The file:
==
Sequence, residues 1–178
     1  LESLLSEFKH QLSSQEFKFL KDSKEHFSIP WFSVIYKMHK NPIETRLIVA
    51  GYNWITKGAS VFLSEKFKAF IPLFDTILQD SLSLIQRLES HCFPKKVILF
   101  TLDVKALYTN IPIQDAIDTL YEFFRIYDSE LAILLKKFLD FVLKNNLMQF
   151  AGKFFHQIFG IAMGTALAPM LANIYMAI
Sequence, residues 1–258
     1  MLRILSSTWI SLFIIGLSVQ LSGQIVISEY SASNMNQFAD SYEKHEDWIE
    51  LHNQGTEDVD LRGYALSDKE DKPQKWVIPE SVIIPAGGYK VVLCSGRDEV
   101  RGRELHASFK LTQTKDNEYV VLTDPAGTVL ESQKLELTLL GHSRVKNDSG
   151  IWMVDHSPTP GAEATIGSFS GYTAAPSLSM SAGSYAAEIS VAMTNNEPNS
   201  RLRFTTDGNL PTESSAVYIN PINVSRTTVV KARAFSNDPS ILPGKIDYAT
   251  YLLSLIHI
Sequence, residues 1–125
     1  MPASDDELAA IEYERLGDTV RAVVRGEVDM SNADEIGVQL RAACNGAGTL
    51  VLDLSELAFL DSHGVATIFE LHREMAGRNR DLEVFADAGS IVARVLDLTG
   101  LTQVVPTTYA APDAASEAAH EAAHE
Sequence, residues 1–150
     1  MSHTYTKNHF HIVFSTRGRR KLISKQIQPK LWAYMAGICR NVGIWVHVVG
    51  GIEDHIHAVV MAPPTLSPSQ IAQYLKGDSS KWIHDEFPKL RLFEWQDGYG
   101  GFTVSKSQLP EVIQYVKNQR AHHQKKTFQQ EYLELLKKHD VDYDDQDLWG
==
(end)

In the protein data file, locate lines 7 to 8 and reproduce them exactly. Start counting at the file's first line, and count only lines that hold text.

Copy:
     1  MLRILSSTWI SLFIIGLSVQ LSGQIVISEY SASNMNQFAD SYEKHEDWIE
    51  LHNQGTEDVD LRGYALSDKE DKPQKWVIPE SVIIPAGGYK VVLCSGRDEV